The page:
I'm sure that, like me, when you get into a fight you relish the opportunity to view the bumps and bruises on your fellow combatant's face. Unfortunately, in most boxing games, this is simply impossible...until Facebreaker came along, that is. Those of us with our respective console camera peripherals are able to take pictures of ourselves and see their on-screen avatar rule all before them. And that is pretty much the gimmick that sets Facebreaker apart from other fighting and boxing games - the opportunity to watch yourself get beaten up, which I'm sure we will all enjoy.
I quickly got my groove on with my PlayStation Eye, and (after much difficulty and resorting to a second pair of hands) took my photo from two different angles. This then took around 15 minutes to process a 3D image that looked almost completely unlike me.
In short, Facebreaker is not a boxing game but more a standard beat-'em-up where each character has forgotten how to kick. One button punches high, another button punches low. Also, holding these buttons dodges high or low - quite a slick control scheme in general. There is the standard grab button as well. You can also combine these attacks for various special moves for each character.
If you land a series of blows on your opponent (which is entirely based on whether or not the defender can block or dodge the blows) your Facebreaker bar heats up. If you then hit your opponent with an attack while your bar is at the maximum, you break your opponent's face and automatically win. This is (according to the manual) because you embarrass your opponent sufficiently rather than leaving any long-term damage. So that's alright then.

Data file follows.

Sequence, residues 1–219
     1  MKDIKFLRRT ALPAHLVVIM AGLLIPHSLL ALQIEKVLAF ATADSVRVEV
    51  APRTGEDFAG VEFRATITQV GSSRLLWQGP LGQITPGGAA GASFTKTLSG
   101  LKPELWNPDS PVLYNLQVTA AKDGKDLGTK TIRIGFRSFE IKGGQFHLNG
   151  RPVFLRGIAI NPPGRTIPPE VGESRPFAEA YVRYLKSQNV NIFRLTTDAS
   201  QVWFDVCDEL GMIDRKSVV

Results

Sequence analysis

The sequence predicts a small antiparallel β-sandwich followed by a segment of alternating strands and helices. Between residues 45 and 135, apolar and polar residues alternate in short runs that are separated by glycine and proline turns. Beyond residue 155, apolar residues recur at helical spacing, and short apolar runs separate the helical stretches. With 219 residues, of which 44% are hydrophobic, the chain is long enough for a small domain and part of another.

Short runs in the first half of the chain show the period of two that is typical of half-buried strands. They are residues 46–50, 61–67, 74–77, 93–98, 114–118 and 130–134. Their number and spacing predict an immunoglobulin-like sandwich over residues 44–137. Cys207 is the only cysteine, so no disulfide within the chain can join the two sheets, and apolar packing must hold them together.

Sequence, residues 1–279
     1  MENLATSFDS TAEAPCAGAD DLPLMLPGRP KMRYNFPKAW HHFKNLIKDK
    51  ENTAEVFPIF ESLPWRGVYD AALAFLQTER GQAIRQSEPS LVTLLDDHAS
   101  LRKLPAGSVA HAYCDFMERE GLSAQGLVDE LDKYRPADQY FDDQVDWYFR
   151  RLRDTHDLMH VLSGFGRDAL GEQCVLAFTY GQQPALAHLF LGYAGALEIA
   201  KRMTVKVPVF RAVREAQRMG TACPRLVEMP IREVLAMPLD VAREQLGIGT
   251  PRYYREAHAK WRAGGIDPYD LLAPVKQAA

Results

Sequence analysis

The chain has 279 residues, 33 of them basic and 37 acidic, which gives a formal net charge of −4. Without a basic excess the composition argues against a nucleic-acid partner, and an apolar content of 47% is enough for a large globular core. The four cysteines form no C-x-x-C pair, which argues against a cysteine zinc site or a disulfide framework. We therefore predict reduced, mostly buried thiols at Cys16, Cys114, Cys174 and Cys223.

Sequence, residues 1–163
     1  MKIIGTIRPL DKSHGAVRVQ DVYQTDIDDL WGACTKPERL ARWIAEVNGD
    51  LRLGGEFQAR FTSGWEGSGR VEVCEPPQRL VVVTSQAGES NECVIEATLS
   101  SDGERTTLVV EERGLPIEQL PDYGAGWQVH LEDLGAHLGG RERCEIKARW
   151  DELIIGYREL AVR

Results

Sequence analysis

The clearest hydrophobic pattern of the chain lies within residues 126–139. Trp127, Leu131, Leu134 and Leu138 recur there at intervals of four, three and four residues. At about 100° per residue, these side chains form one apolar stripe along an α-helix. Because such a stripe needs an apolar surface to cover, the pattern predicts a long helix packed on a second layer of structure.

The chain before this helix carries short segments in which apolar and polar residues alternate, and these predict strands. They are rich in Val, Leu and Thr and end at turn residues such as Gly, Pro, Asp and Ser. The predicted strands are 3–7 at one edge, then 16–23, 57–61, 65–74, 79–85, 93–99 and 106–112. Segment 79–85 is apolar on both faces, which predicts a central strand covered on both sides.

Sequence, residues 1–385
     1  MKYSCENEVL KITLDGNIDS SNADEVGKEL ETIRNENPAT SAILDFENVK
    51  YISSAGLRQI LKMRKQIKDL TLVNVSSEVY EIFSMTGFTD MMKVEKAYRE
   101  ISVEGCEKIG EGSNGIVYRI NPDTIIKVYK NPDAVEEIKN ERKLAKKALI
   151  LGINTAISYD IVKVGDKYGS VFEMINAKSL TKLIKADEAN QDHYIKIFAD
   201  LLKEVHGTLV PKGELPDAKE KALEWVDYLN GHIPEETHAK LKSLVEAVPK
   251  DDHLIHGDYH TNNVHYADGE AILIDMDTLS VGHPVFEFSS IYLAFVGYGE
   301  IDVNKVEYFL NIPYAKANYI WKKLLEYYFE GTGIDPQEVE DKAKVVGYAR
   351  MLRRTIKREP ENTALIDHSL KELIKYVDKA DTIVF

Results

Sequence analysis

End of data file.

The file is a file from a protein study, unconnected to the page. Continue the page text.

Once you have your character (or you can choose one of the pre-mades) you can enter the Brawl For It All mode. This consists of a series of battles against progressively tougher opponents drawn from the pre-made pool. Once you achieve victory with a character, extra items unlock - perhaps an extra character or arena.
I soon discovered that this is the main meat of the game. It is also seemingly artificially expanded by the fact that you need to beat each difficulty level with each character to unlock everything. Also, certain characters have particularly cheap special moves, and are very easy to win with - while other characters have to get lucky to beat the AI's characters. I shall refrain from commenting on which characters, for fear of spoiling what little sense of discovery there is in the game.
Like most fighting games, the multiplayer game is the best part. Beating your friend's sort-of image up is as fun as it sounds, and Facebreaker definitely has some mileage as a party game. However, it is crippled by the difficulty of getting the right shot and the seemingly excessive processing time for your digital image... definitely a party-killer if deployed at the wrong time.
In short, Facebreaker has a seemingly interesting premise but has this tacked onto a very simple beat-em-up gameplay mechanic. It is definitely good fun if you have the camera peripheral and can create your own image to fight with, but is simply not deep enough to deliver a knock-out blow as a standalone game.
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